News Article | November 25, 2015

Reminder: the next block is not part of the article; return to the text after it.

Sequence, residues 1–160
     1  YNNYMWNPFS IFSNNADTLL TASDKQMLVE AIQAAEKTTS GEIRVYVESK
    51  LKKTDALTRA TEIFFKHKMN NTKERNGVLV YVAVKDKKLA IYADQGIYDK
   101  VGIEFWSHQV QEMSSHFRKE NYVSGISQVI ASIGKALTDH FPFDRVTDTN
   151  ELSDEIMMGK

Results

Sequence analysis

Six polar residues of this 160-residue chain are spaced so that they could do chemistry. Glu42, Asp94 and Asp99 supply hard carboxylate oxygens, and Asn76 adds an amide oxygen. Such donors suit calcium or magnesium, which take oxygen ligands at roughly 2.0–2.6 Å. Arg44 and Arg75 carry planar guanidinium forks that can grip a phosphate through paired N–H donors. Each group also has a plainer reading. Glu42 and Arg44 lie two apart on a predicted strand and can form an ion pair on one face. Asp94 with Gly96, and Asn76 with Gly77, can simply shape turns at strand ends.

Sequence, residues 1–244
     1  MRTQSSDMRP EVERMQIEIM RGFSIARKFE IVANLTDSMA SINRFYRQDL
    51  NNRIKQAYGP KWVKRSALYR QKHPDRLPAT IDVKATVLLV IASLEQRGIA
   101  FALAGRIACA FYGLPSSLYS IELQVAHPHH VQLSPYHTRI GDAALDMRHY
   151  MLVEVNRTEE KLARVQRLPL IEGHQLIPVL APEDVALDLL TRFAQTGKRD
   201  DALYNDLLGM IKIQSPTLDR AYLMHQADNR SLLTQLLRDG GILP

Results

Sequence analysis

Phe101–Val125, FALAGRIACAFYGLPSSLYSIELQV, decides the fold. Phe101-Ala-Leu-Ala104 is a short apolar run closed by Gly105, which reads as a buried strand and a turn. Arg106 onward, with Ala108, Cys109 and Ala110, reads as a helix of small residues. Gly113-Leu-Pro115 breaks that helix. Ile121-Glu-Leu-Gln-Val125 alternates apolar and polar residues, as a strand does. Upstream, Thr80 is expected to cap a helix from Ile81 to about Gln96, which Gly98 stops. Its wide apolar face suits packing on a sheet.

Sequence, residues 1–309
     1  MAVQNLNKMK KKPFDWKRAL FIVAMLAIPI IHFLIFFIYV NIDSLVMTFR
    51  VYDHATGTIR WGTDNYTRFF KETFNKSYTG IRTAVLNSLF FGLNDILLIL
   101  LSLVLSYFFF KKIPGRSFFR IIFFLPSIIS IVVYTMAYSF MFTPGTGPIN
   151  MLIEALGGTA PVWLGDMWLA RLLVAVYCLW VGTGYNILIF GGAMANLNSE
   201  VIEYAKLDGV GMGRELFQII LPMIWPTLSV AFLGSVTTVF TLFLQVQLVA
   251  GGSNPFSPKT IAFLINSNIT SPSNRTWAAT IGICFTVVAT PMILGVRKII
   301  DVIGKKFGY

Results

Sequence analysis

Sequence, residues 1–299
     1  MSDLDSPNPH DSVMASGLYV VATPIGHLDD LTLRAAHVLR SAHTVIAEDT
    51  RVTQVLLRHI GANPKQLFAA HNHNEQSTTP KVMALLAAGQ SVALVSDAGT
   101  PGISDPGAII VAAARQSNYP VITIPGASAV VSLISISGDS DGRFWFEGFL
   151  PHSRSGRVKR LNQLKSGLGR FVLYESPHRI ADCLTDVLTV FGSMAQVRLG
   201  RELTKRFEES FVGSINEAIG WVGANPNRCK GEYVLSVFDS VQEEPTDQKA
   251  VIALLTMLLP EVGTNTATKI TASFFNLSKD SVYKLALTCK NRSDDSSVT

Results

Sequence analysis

All mice were maintained on a C57BL/6 background, including ScfGFP (ref. 19), Scffl/+ (ref. 19), Cxcl12DsRed (ref. 18), Cxcl12fl/+ (ref. 18), R26tdTomato (ref. 26), Vav1-cre (ref. 24), Leprcre (ref. 27), Tcf21cre/ER (ref. 21) and α-catulinGFP. To induce Cre/ER activity in Tcf21cre/ER mice, 4–6-week-old mice were administered 2 mg tamoxifen (Sigma) daily by oral gavage for 12 consecutive days. For induction of EMH, mice were injected at day 0 with a single dose of 4 mg cyclophosphamide followed by daily injections of 5 μg G-CSF for 4–21 days. Both male and female mice were used. All mice were housed in the Animal Resource Center at the University of Texas Southwestern Medical Center (UTSW). All procedures were approved by the UTSW Institutional Animal Care and Use Committee. Bone marrow cells were isolated by flushing the femur or tibia with Ca2+- and Mg2+-free HBSS with 2% heat-inactivated bovine serum using a 3 ml syringe fitted with a 25-gauge needle. Spleen cells were obtained by crushing the spleen between two frosted slides. The cells were dissociated to a single-cell suspension by gently passing through the needle several times and then filtering through a 40-μm nylon mesh. Blood was collected by cardiac puncture, and white blood cells were isolated by ficoll centrifugation according to the manufacturer’s instructions (GE Healthcare). The following antibodies were used to isolate HSCs: anti-CD150 (TC15-12F12.2), anti-CD48 (HM48-1), anti-Sca-1 (E13-161.7), anti-c-kit (2B8) and the following antibodies against lineage markers (anti-Ter119, anti-B220 (6B2), anti-Gr-1 (8C5), anti-CD2 (RM2-5), anti-CD3 (17A2), anti-CD5 (53-7.3) and anti-CD8 (53-6.7)). Haematopoietic progenitors were identified by flow cytometry using the following antibodies: anti-Sca-1 (E13-161.7), anti-c-Kit (2B8) and the following antibodies against lineage markers (anti-Ter119, anti-B220 (6B2), anti-Gr-1 (8C5), anti-CD2 (RM2-5), anti-CD3 (17A2), anti-CD5 (53-7.3) and anti-CD8 (53-6.7)), anti-CD34 (RAM34), anti-CD135 (Flt3) (A2F10), anti-CD16/32 (FcγR) (93), anti-CD127 (IL7Rα) (A7R34), anti-CD24 (M1/69), anti-CD43 (1B11), anti-B220 (6B2), anti-IgM (II/41), anti-CD3 (17A2), anti-Gr-1 (8C5), anti-Mac-1 (M1/70), anti-CD41 (MWReg30), anti-CD71 (C2) and anti-Ter119. 4′,6-Diamidino-2-phenylindole (DAPI) was used to exclude dead cells. Antibodies were obtained from eBioscience or BD Bioscience. To isolate bone marrow stromal cells the marrow was gently flushed out of the bone marrow cavity with a 3-ml syringe fitted with a 23-guage needle and then transferred into 1 ml pre-warmed bone marrow digestion solution (200 U ml−1 DNase I (Sigma), 250 μg ml−1 LiberaseDL (Roche) in HBSS plus Ca2+ and Mg2+) and incubated at 37 °C for 30 min with gentle shaking. To isolate splenic stromal cells, the spleen capsule was cut into ~1 mm3 fragments using scissors and then digested as described earlier in spleen digestion solution (200 U ml−1 DNase I, 250 μg ml−1 LiberaseDL, 1 mg ml−1 collagenase, type 4 (Roche) and 500 μg ml−1 collagenase D (Roche) in HBSS plus Ca2+ and Mg2+). After a brief vortex, the spleen fragments were allowed to sediment for ~3 min and the supernatant was transferred to another tube on ice. The sedimented (undigested) spleen fragments were subjected to a second round of digestion. The two fractions of digested cells were pooled and filtered through a 100-μm nylon mesh. Anti-PDGFR-α (APA5), anti-PDGFR-β (APB5), anti-LepR (R&D), anti-CD45 (30F-11) and anti-Ter119 antibodies were used to isolate stromal cells. For analysis of endothelial cells, mice were injected intravenously into the retro-orbital venous sinus with 10 μg Alexa-Fluor-660-conjugated anti-VE-cadherin antibody (BV13) 10 min before being killed. Samples were analysed using a FACSAria or FACSCanto II flow cytometer (BD Biosciences). To assess BrdU incorporation into spleen cells after EMH induction, mice were intraperitoneally injected with a single dose of BrdU (2 mg BrdU per mouse) then maintained on 0.5 mg BrdU per ml drinking water for 7 days. Endothelial cells were labelled by intravenous injection of an anti-VE-cadherin antibody (eBioscience). Enzymatically dissociated spleen cells were stained with antibodies against surface markers and the target cell populations were sorted then resorted to ensure purity. The sorted cells were then fixed, and stained with an anti-BrdU antibody using the BrdU APC Flow Kit (BD Biosciences) according to the manufacturer’s instructions. Adult recipient mice were irradiated using an XRAD 320 X-ray irradiator (Precision X-Ray) with two doses of 540 rad (total 1,080 rad) delivered at least 2 h apart. Cells were injected into the retro-orbital venous sinus of anaesthetized mice. Sorted doses of splenocytes from donor mice with EMH were transplanted along with 3 × 105 recipient bone marrow cells. Recipient mice were bled every 4 weeks to assess the level of donor-derived blood cells, including myeloid, B and T cells for at least 16 weeks. Blood was subjected to ammonium chloride/potassium red cell lysis before antibody staining. Antibodies including anti-CD45.2 (104), anti-CD45.1 (A20), anti-Gr1 (8C5), anti-Mac-1 (M1/70), anti-B220 (6B2) and anti-CD3 (KT31.1) were used for flow cytometric analysis. For bone marrow sections, freshly dissected bones were fixed in 4% paraformaldehyde overnight followed by 3 days of decalcification in 10% EDTA dissolved in PBS. Bones were sectioned using the CryoJane tape-transfer system (Instrumedics). For spleen sections, freshly dissected spleens were fixed in 4% paraformaldehyde for 1 h followed by 1 day incubation in 10% sucrose in PBS. Frozen spleens were sectioned with a cryostat (Leica). For whole mount imaging, spleens were sectioned into ~2 mm pieces. Spleen sections were blocked in PBS with 10% horse serum for 1 h and then stained overnight with chicken-anti-GFP (Aves) and/or rabbit-anti-laminin (Abcam) antibodies. Donkey-anti-chicken Alexa Fluor 488 and/or donkey-anti-rabbit Alexa Fluor 647 were used as secondary antibodies (Invitrogen). Specimens were mounted with anti-fade prolong gold (Invitrogen) and images were acquired with either a Zeiss LSM780 confocal microscope or a Leica SP8 confocal microscope equipped with a resonant scanner. Three-dimensional images were achieved using Bitplane Imaris v.7.7.1 software. Spleens were harvested and fixed for 4 h in 4% PFA at 4 °C. Since the spleen capsule is highly autofluorescent, spleens were sectioned perpendicular to the long axis into 300-μm-thick sections using a Leica VT100S vibrotome. These 300-μm sections were fixed for an additional 2 h in 4% PFA and blocked overnight in staining solution (10% dimethylsulfoxide (DMSO), 0.5% IgePal630 (Sigma) and 5% donkey serum (Jackson Immunoresearch) in PBS). All staining steps were performed in staining solution on a rotator at room temperature. Spleen sections were stained for 3 days in primary antibodies, washed overnight in several changes of PBS then stained for 3 days in secondary antibodies. The stained sections were dehydrated in a methanol dehydration series then incubated for 3 h in 100% methanol with several changes. The methanol was then exchanged with benzyl alcohol:benzyl benzoate 1:2 mix (BABB clearing28). The tissues were incubated in BABB for 3 h to overnight with several exchanges of fresh BABB. Spleen sections were mounted in BABB between two coverslips and sealed with silicone (Premium waterproof silicone II clear; General Electric). We found it necessary to clean the BABB of peroxides (which can accumulate as a result of exposure to air and light) by adding 10 g of activated aluminium oxide (Sigma) to 40 ml of BABB and rotating for at least 1 h, then centrifuging at 2,000 g for 10 min to remove the suspended aluminium oxide particles. Images were acquired using a Zeiss LSM780 confocal microscope with a Zeiss LD LCI Plan-Apo ×25/0.8 multi-immersion objective lens, which has a 570 μm working distance. Images were taken at 512 × 512 pixel resolution with 2 μm Z-steps, pinhole for the internal detector at 47.7 μm. Random spots were inserted into images by generating randomized X, Y, and Z coordinates using the random integer generator at http:// www.random.org. After mouse anaesthesia by ketamine/xylazine, a ventral midline incision was made and the peritoneum was breached. The splenic blood vessels were ligated with an absorbable suture (4-0 vicryl). The splenic vessels were cut distal to the suture and the spleen was removed. The vessels were cauterized and the abdomen was sutured with non-absorbable sutures (3-0 Tevdek III). Buprenorphine was administered every 12 h for 3 days to minimize postoperative pain and mice were maintained with ampicillin-containing water to avoid infection. Complete blood counts were measured one month after the survival surgery. EMH was induced by repeated bleeding over a 2-week period according to a published protocol2. Briefly, 4–6 month-old mice were bled via the tail vein five times, every 3 days, removing approximately 250 μl of blood each time, then the mice were killed for analysis 2 days after the last bleed. Approximately 30,000 CD45−Ter119−VE-cadherin+ splenic endothelial cells were flow cytometrically sorted into 50 μl of 66% trichoracetic acid (TCA) in water. Extracts were incubated on ice for at least 15 min and centrifuged at 16,100 g at 4 °C for 10 min. Precipitates were washed in acetone twice and the dried pellets were solubilized in 9 M urea, 2% Triton X-100, and 1% dithiothreitol (DTT). Samples were separated on 4–12% Bis-Tris polyacrylamide gels (Invitrogen) and transferred to PVDF membrane (Millipore). The blots were incubated with primary antibodies overnight at 4 °C and then with secondary antibodies. Blots were developed with the SuperSignal West Femtochemiluminescence kit (Thermo Scientific). Primary antibodies used: rabbit-anti-SCF (Abcam, 1:1,000) and mouse-anti-actin (Santa Cruz, clone AC-15, 1:20,000). Cells were sorted directly into Trizol (Life Technologies). Total RNA was extracted according to the manufacturer’s instructions. Total RNA was reverse transcribed using SuperScript III Reverse Transcriptase (Life Technologies). Quantitative real-time PCR was performed using SYBR green on a LightCycler 480 (Roche). β-Actin was used to normalize the RNA content of samples. Primers used in this study were Scf: 5′-GCCAGAAACTAGATCCTTTACTCCTGA-3′ and 5′-CATAAATGGTTTTGTGACACTGACTCTG-3′; β-actin: 5′-GCTCTTTTCCAGCCTTCCTT-3′ and 5′-CTTCTGCATCCTGTCAGCAA-3′. Three independent samples of 5,000 spleen Scf-GFP+VE-cadherin− spleen stromal cells and two independent samples of 5,000 unfractionated spleen cells were flow cytometrically sorted into Trizol. Total RNA was extracted, amplified, and sense strand cDNA was generated using the Ovation Pico WTA System V2 (NuGEN) according to the manufacturer’s instructions. cDNA was fragmented and biotinylated using the Encore Biotin Module (NuGEN) according to the manufacturer’s instructions. Labelled cDNA was hybridized to Affymetrix Mouse Gene ST 1.0 chips according to the manufacturer’s instructions. Expression values for all probes were normalized and determined using the robust multi-array average (RMA) method29. Panels in all figures represented multiple independent experiments performed on different days with different mice. Sample sizes were not based on power calculations. No randomization or blinding was performed. No animals were excluded from analysis. Variation is always indicated using standard deviation. For analysis of the statistical significance of differences between two groups we generally performed two-tailed Student’s t-tests. For analysis of the statistical significance of differences among more than two groups, we performed repeated measures one-way analysis of variance (ANOVA) tests with Greenhouse–Geisser correction (variances between groups were not equal) and Tukey’s multiple comparison tests with individual variances computed for each comparison. To assess the statistical significance of differences in fetal mass between paired control and mutant mice (Fig. 5j and Extended Data Fig. 8v), we performed a two-way ANOVA.